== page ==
Stocks have been wildly decoupled from fundamental corporate earnings since 2015. This crash could drag the market back down to reality.
Welcome to the fastest bear market in history. The U.S. stock market has collapsed 27% in a little over three weeks, wiping out tens of trillions of dollars.
Some investors may be looking to ‘catch the falling knife’ and start buying stocks while there’s blood in the streets.
But this isn’t over yet, according to this chart published by Lance Roberts, chief strategist RIA Advisors.
This chart tracks the S&P 500 (blue line) against actual corporate profits (orange line). As you can see, the stock market has been out of whack and decoupled from fundamentals since 2015.
In other words, the stock market was way overvalued even before the coronavirus hit.
A basic mean reversion would see the S&P 500 correct back down to the 2,000 level. That’s a further 20% from today’s prices. And that’s before we throw in the impact of a recession on corporate profits.
The impending recession, and consumption freeze, is going to start the mean-reversion process in both corporate profits and earnings.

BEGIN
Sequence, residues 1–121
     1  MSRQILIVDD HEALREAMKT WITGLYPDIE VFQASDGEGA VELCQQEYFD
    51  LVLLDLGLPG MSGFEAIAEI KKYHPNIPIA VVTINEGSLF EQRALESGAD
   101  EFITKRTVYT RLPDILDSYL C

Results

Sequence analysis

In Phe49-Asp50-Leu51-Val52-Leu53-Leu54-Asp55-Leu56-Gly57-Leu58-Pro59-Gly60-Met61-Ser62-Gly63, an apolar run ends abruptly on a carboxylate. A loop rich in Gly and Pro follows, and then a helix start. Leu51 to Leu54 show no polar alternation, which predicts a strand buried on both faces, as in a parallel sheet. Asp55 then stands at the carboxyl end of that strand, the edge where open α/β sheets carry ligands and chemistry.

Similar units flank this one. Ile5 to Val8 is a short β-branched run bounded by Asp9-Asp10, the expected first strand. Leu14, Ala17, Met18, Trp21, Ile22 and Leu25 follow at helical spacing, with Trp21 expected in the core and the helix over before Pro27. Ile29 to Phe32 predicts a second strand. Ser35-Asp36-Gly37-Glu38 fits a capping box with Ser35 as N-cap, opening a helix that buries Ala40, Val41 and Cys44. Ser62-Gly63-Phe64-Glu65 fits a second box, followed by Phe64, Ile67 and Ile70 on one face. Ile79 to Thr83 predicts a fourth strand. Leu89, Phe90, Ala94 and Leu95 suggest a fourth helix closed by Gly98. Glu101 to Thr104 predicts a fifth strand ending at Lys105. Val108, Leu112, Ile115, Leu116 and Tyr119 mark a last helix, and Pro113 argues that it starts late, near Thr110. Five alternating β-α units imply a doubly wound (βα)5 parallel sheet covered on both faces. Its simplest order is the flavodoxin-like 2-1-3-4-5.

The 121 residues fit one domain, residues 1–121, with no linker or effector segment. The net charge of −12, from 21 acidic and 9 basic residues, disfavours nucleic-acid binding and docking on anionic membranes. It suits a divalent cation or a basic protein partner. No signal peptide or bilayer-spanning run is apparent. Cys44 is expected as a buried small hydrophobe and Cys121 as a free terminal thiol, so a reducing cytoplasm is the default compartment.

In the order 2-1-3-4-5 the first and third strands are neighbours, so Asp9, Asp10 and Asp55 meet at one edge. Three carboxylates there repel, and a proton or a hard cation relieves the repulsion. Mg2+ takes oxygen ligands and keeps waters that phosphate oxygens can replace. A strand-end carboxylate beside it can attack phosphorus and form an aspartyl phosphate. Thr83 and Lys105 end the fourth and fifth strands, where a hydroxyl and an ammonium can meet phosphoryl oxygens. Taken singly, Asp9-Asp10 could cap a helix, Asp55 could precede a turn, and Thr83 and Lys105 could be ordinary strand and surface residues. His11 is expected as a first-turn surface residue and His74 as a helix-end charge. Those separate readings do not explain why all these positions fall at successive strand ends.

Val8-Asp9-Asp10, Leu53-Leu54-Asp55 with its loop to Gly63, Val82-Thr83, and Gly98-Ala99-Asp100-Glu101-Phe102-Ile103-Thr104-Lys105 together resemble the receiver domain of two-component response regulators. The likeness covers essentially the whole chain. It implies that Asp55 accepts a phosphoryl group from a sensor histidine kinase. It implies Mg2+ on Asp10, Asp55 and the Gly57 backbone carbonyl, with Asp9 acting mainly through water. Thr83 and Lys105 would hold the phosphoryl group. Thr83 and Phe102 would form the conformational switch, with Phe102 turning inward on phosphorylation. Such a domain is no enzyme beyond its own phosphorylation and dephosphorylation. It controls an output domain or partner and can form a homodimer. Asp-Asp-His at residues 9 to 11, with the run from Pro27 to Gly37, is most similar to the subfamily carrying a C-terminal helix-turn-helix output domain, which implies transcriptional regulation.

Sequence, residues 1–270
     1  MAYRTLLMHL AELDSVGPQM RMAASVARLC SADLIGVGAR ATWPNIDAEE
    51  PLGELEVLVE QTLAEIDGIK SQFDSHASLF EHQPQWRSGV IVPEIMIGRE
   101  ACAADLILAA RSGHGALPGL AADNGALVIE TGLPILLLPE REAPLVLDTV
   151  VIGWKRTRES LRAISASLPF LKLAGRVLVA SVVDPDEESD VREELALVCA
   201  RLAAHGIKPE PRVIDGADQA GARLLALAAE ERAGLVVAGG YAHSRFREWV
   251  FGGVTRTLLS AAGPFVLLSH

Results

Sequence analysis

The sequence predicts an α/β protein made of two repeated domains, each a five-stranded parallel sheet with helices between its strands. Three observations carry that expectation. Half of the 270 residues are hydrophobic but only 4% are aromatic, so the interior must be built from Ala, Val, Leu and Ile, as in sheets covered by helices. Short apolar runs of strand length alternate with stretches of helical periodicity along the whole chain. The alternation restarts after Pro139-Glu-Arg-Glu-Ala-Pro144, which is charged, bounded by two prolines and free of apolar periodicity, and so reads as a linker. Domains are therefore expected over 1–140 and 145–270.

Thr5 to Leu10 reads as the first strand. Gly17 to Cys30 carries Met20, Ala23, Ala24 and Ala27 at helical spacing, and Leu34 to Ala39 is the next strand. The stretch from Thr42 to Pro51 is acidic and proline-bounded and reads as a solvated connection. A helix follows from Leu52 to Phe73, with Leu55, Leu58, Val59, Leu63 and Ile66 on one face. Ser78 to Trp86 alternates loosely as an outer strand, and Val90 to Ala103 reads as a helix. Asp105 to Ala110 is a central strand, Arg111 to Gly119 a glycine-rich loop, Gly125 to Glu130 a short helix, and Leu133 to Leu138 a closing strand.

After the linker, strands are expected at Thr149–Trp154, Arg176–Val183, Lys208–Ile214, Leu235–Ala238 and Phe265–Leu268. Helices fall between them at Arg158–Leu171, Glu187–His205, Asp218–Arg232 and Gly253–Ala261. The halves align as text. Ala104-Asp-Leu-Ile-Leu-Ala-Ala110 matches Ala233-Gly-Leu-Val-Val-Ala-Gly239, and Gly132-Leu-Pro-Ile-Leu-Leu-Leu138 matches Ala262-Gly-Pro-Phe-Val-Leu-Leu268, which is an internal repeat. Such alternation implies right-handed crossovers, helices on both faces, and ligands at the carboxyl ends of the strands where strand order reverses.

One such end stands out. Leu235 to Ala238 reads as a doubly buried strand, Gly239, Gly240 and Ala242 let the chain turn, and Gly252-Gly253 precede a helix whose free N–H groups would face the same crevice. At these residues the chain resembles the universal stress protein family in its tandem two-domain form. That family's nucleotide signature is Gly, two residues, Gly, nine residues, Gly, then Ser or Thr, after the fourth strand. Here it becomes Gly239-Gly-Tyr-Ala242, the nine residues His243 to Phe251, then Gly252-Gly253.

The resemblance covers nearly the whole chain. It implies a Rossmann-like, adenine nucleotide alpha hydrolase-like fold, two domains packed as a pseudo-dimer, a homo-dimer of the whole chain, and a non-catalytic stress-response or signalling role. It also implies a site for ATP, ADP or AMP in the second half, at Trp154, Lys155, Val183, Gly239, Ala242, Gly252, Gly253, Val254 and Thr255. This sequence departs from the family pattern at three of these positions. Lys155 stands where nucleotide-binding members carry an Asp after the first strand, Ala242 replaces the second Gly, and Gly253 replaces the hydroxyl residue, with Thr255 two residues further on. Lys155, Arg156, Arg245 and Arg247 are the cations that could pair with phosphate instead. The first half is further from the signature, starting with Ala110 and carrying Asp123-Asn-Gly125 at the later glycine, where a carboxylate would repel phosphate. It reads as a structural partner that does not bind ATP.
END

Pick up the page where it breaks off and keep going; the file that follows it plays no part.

The chart above was originally published before the coronavirus panic swept the markets. Now there’s a very real threat of a recession. That means that corporate profits will likely decline below the current level. It leaves us with a chart that looks more like this:
With that in mind, Roberts gives a conservative estimate of 1,800 for the S&P 500 – a drop of 27% from today’s prices.
The resulting decline in asset prices to revert valuations to a level of 18x (still high) trailing earnings would suggest a level of $1800 for the S&P 500 index.
This might be the fastest bear market in history, but it’s not the deepest, yet. As you can see in the chart below, published by The Block’s Larry Cermak, we’ve got a long way to go if this tracks the 2001 or 2008 bear markets.
Roberts said it’s unlikely the market has bottomed yet, citing three distinct phases of a bear market. First, the initial drop. Second, the optimistic rebound. And third, the slow grind down until there are almost no buyers left.
Just like in 2000, and 2008, the media/Wall Street will be telling you to just “hold on.” Unfortunately, by the time “Phase 3” was finished, there was no one wanting to “buy” anything. That’s how you know a “bear market” is over.
We’ve already seen a few optimistic dead cat bounces. But we haven’t seen the slow bleed lower yet. Strap in. This could get ugly.
This article was edited by Samburaj Das.